Hitachi, Mitsubishi and Siemens Consider Joint Alstom Bid
Hitachi Ltd. plans to partner with Mitsubishi Heavy Industries and Siemens in a bid to acquire French multinational company Alstom’s energy business. MHI and Siemens are currently deciding whether to submit a joint proposal to Alstom that would rival a $17 billion bid from GE.
Longtime partners Hitachi and Mistubishi Heavy—both based in Japan—are considering offering $5 billion for Alstom’s steam turbine assets, while Siemens may match that for Alstom’s gas turbine division. Alstom’s steam turbines account for more than twenty percent of global installed capacity, and more than 30 percent of nuclear power stations currently use them. There was no indication that the proposal would include Alstom’s wind turbine business.
In May, Mitsubishi Heavy President Shunichi Miyanagi expressed the company’s interest in accelerating its global expansion through mergers, acquisitions and alliances. The company and its potential partner could certainly benefit from access to Alstom’s clients throughout Europe. Neither Mitsubishi Heavy nor Hitachi Ltd. currently have much presence in the region and intend to sell other technologies such as clean-coal power stations and nuclear equipment.
Mitsubishi Heavy has been paying down debt and cut its debt equity ratio in half between 2010 and 2013 while increasing its cash reserves to nearly $4 billion. The deal follows a major reorganization for the company that involved the consolidation of nine business divisions into four domains for the business year that began in April.
The potential acquisition is in alignment with Japanese Prime Minister Shinzo Abe’s call for more exports of Japanese coal technology and nuclear equipment to increase growth. Abe has often lauded Japan’s ability to build increasingly efficient coal plants that help reduce emissions, including technology that was developed by Mitsubishi Heavy. As Japan distances itself from atomic energy following the Fukushima disaster in 2011, Abe is also pushing for domestic companies to build their first nuclear plant overseas.
Hitachi is currently planning the construction of new nuclear reactors in the United Kingdom after buying the Horizon Nuclear Power project from E.On and RWE. The project involves the construction of two to three 1,350 MWe Advanced Boiling Water Reactors and is currently being assessed by the Office for Nuclear Regulation.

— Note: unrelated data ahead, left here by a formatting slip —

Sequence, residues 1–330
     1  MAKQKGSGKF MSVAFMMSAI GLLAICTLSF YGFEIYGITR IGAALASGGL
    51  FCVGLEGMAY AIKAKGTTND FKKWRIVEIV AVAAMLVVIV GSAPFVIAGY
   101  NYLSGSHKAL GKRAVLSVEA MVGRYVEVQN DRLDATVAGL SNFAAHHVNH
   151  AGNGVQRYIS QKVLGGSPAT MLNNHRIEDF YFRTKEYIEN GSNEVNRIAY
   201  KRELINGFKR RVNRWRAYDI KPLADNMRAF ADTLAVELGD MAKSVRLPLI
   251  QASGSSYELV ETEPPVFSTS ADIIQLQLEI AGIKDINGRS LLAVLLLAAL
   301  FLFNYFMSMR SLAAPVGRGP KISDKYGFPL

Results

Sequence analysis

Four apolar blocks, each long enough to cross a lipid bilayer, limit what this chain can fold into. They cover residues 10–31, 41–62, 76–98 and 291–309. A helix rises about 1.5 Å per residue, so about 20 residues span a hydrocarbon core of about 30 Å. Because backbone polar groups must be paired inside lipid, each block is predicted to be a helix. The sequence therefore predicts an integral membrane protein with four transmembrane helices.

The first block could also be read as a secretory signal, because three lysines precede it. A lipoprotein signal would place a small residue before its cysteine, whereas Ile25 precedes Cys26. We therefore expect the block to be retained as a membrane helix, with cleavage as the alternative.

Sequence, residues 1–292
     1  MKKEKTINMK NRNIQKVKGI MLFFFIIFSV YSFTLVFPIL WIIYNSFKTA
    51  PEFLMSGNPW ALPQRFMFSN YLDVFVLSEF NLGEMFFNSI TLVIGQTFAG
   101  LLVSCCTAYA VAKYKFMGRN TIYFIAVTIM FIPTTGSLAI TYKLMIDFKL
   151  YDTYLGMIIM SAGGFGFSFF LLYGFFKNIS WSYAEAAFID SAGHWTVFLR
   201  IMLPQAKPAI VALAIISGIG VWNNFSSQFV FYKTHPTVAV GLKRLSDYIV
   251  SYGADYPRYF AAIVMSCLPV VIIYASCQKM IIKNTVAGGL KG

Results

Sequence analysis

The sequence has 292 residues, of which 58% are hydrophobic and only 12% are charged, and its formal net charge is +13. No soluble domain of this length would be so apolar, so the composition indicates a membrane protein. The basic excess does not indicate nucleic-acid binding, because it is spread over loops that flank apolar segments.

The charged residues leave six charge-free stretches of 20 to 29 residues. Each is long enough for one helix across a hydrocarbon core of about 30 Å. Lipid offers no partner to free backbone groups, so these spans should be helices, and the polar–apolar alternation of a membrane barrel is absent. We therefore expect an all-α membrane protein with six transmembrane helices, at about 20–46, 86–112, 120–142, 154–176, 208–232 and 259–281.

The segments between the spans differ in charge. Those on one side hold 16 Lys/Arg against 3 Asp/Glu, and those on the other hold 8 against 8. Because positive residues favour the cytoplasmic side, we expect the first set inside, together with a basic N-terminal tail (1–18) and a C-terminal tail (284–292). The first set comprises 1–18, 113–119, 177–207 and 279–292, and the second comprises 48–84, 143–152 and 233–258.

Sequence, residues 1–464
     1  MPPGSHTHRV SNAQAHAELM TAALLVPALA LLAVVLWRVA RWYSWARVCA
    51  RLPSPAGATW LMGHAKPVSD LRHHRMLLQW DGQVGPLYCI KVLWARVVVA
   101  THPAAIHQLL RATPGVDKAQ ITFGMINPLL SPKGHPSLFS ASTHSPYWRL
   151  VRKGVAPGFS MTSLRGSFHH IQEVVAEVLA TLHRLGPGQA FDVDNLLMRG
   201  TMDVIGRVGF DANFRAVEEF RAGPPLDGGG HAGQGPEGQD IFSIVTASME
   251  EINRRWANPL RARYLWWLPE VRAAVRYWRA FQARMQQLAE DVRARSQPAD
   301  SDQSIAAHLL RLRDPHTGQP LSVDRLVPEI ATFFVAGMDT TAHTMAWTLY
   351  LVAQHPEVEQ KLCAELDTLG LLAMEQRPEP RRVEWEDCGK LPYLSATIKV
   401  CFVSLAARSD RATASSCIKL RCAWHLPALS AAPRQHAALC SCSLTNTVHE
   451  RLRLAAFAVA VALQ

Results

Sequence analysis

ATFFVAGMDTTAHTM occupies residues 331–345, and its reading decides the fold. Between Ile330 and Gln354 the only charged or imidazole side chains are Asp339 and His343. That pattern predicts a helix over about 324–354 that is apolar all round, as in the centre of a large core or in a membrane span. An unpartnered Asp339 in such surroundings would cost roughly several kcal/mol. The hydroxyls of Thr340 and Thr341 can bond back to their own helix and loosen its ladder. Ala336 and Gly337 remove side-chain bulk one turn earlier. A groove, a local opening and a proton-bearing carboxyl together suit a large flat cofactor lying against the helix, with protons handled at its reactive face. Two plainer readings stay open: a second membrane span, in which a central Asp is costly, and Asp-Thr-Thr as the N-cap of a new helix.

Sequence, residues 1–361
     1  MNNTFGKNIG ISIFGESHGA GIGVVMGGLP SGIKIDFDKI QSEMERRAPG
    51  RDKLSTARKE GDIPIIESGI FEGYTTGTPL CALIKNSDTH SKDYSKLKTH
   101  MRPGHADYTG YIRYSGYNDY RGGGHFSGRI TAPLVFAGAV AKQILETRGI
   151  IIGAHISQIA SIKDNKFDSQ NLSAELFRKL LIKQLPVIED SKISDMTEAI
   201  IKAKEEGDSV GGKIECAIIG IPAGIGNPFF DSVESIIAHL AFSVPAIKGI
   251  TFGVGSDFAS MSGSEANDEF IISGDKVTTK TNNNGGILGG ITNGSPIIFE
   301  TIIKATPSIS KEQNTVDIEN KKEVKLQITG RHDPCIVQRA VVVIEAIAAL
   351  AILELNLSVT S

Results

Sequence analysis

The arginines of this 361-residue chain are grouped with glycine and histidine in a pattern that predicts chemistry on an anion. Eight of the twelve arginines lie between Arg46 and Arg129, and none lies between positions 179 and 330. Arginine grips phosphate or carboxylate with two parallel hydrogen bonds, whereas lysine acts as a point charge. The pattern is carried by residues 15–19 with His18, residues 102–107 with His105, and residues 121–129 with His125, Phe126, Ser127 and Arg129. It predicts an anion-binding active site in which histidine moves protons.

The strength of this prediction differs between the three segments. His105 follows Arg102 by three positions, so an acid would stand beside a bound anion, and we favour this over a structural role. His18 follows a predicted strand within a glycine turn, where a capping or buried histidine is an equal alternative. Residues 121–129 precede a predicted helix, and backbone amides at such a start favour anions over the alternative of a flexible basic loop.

In a separate deal, Siemens is also proposing to combine its rail activities with Alstom's. The French government has actively lobbied for the deal, saying it would create a European rail champion.
Major move forward for UK’s nascent marine energy sector
Although the industry is small and the technologies are limited, marine-based energy systems look to be taking off as “the world’s most powerful tidal turbine” begins grid-connected power generation at the European Marine Energy Centre.
At around 74 metres long, the turbine single-handedly holds the potential to supply the annual electricity demand to approximately 2,000 homes within the UK and offset 2,200 tonnes of CO2 per year.
Orbital Marine Power, a privately held Scottish-based company, announced the turbine is set to operate for around 15 years in the waters surrounding Orkney, Scotland, where the 2-megawatt O2 turbine weighing around 680 metric tons will be linked to a local on-land electricity network via a subsea cable.
How optimistic is the outlook for the UK’s turbine bid?
Described as a “major milestone for O2” by CEO of Orbital Marine Power Andrew Scott, the turbine will also supply additional power to generate ‘green hydrogen’ through the use of a land-based electrolyser in the hopes it will demonstrate the “decarbonisation of wider energy requirements.”
“Our vision is that this project is the trigger to the harnessing of tidal stream resources around the world to play a role in tackling climate change whilst creating a new, low-carbon industrial sector,” says Scott in a statement.
The Scottish Government has awarded £3.4 million through the Saltire Tidal Energy Challenge Fund to support the project’s construction, while public lenders also contributed to the financial requirements of the tidal turbine through the ethical investment platform Abundance Investment.
“The deployment of Orbital Marine Power’s O2, the world’s most powerful tidal turbine, is a proud moment for Scotland and a significant milestone in our journey to net zero,” says Michael Matheson, the Cabinet Secretary for Net-Zero, Energy and Transport for the Scottish Government.
“With our abundant natural resources, expertise and ambition, Scotland is ideally placed to harness the enormous global market for marine energy whilst helping deliver a net-zero economy.
“That’s why the Scottish Government has consistently supported the marine energy sector for over 10 years.”
However, Orbital Marine CEO Scott believes there’s potential to commercialise the technology being used in the project with the prospect of working towards more efficient and advanced marine energy projects in the future.
“We believe pioneering our vision in the UK can deliver on a broad spectrum of political initiatives across net-zero, levelling up and building back better at the same time as demonstrating global leadership in the area of low carbon innovation that is essential to creating a more sustainable future for the generations to come.”
The UK’s growing marine energy endeavours
This latest tidal turbine project isn’t a first for marine energy in the UK. The Port of London Authority permitted the River Thames to become a temporary home for trials into tidal energy technology and, more recently, a research project spanning the course of a year is set to focus on the potential tidal, wave, and floating wind technology holds for the future efficiency of renewable energy. The research is due to take place off of the Southwest coast of England on the Isles of Scilly